Afghan refugees convert the F-6 children’s park into a “tent city.”

Islamabad: Afghan refugees have taken over a children’s park in Islamabad and are living there after erecting tents due to the negligence of officials.

The recently refurbished children’s park at F-6 has become a makeshift encampment for Afghan refugees, especially from the Hazara community, who fled their homeland following the Taliban’s capture of Kabul.

The refugees initially tented outside the National Press Club before moving to the red zone near Parliament House. Then, finally, the police and administration could get them out of the high-security zone.

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The refugees then set up camp outside the press club once more. On the other hand, those from the Hazara community set up camp across the street at the children’s park. For the past few weeks, nearly 700 Afghan refugees, primarily women, and children have taken refuge in the park.

Protesters claim they are helpless and unable to return to their homes; CDA will seek local administration and police assistance to get the area cleared.

“We’re living in a public park but powerless and homeless, and we have no idea where to go.” Surya Mosawai, a university graduate from Herat, agreed.

She stated that the refugees were experiencing numerous challenges, but no one, including wealthy countries and other human rights advocates, was paying attention to their plight.

“Do you think we choose to live in this park?” Unfortunately, no. We don’t want to live here, but we don’t have any other choice. “We have been pleading with the world community and developed countries, especially the United States of America, to grant us citizenship because we are unable to return to our country due to the Taliban,” she said.

Bakar Ahmed, another refugee, stated, “The United Nations High Commission for Refugees should assist us.”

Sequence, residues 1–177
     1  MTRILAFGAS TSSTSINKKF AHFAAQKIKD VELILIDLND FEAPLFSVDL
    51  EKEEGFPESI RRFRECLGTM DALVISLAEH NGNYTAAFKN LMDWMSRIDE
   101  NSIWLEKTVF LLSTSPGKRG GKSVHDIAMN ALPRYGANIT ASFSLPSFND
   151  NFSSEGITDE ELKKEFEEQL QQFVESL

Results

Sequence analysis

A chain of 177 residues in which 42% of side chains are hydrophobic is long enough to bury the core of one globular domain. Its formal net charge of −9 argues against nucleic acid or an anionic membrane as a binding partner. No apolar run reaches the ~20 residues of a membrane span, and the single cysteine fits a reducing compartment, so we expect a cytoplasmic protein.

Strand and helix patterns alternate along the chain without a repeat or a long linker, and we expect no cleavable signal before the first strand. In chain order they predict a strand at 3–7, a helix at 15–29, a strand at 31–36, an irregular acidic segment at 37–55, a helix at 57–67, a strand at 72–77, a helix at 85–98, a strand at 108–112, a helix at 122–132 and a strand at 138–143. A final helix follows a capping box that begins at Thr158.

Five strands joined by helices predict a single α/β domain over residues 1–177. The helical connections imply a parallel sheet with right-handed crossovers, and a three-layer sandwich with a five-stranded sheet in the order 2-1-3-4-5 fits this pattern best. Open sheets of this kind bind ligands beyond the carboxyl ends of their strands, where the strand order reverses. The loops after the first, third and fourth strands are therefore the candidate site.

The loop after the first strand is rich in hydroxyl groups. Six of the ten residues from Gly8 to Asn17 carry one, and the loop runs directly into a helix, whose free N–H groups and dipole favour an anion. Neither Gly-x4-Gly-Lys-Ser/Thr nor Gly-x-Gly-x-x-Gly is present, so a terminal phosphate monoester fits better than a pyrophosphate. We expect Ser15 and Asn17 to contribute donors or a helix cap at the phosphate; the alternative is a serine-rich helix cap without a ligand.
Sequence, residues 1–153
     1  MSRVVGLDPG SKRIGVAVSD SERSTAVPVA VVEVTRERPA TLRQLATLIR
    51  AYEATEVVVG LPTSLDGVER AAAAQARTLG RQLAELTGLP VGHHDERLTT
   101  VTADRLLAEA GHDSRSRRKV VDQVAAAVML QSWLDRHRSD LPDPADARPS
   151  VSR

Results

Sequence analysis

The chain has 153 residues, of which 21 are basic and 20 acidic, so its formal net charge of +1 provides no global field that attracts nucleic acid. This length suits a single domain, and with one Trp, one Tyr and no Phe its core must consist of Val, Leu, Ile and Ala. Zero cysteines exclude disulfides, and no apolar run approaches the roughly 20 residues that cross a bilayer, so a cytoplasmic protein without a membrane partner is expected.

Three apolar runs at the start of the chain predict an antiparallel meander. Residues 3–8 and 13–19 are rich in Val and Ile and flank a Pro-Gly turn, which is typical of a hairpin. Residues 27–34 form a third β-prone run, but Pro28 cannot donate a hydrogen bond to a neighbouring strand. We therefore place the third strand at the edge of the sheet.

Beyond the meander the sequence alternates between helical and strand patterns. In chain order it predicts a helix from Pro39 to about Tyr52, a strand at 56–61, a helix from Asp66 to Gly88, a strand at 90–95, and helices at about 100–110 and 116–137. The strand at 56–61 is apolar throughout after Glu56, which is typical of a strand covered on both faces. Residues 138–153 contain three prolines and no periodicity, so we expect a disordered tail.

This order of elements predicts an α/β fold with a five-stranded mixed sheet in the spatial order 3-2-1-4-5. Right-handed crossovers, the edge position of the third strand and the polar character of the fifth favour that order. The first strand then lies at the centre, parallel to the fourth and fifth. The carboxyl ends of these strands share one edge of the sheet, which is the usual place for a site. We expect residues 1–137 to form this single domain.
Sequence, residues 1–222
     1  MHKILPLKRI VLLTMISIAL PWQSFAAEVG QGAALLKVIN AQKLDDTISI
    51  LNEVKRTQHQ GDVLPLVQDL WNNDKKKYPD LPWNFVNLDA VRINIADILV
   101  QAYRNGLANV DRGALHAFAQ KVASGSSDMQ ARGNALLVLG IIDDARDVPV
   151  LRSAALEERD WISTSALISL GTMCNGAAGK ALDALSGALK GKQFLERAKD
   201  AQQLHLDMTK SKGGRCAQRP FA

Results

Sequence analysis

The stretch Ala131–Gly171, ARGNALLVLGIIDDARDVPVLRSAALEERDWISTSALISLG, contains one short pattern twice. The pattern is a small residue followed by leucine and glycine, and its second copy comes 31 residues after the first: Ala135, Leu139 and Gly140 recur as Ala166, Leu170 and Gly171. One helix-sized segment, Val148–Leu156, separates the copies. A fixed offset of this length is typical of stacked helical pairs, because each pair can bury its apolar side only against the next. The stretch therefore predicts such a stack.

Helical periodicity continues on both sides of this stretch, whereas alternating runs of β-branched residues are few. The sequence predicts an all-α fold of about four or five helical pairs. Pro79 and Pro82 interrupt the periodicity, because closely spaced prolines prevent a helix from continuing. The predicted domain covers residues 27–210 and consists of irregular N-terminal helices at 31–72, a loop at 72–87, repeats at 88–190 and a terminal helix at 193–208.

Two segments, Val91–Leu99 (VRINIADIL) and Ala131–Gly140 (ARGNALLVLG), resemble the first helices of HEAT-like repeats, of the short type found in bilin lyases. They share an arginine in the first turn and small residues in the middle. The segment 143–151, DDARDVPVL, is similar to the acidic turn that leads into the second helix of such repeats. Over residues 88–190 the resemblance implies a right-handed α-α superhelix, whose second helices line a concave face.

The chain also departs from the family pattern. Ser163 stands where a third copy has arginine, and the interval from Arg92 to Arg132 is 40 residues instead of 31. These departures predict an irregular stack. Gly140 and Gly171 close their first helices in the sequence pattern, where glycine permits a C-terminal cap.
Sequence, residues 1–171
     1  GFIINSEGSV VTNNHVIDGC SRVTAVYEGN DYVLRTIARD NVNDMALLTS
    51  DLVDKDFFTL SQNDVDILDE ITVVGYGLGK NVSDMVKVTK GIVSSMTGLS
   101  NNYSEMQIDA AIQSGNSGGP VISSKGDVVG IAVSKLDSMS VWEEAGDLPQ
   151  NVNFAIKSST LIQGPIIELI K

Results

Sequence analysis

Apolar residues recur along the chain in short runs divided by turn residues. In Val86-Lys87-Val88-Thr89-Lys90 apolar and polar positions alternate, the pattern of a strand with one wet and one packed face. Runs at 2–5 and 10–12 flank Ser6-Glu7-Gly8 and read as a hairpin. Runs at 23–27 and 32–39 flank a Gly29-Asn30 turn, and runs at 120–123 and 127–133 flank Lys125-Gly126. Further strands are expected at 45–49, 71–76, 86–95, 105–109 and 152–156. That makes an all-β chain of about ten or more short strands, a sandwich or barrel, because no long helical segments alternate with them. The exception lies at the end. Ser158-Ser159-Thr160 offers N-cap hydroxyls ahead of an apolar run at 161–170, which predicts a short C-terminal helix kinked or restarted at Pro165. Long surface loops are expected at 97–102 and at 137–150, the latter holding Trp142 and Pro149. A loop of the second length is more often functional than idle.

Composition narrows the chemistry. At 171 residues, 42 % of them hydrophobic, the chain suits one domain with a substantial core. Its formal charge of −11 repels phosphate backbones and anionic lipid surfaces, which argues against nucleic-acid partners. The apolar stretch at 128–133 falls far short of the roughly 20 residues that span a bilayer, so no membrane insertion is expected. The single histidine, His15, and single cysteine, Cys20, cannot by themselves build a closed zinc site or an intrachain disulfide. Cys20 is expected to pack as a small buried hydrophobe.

He stated that if developed countries were unwilling to accept them, Pakistan should provide them with sanctuary.

It should be emphasized that Pakistan has sheltered over 1.3 million Afghan refugees for decades.

Another refugee, Najma Nowrozi, said the camp life was difficult since refugees had to go to local mosques to use the restroom.

“We, too, are facing a water crisis,” she claimed that some wealthy locals had donated two plastic tanks for water storage. “It is a godsend for us, but there is not enough water,” she remarked, adding, “We are helpless and hopeless.”

Some migrants claimed a public toilet near their encampment but had to pay the bathroom operator to use it. Similarly, they claimed they had to pay merchants to charge their cellphones.

The Capital Development Authority (CDA) recently repaired and restored the park with millions of rupees. However, due to the civic agency’s incompetence, the refugees have seized control.

“We are not against refugees; they are our brothers and sisters.” However, we oppose the establishment of camps in public parks. Local Liaquat Khan suggested that the CDA and police remove them from the park. Shabbir Ali, another resident, stated that unmanaged camps posed a security risk to the community. In addition, he questioned the efficiency of the CDA, which is in charge of the public parks.

“These camps should be relocated since residents have been denied the right to visit the park because refugees have taken it over,” he said.

When reached, CDA Director General Environment Irfan Niazi told Dawn that he would take the matter up with the capital administration and police to have the park demolished.

He acknowledged that the park had recently been refurbished and would soon be closed to the public.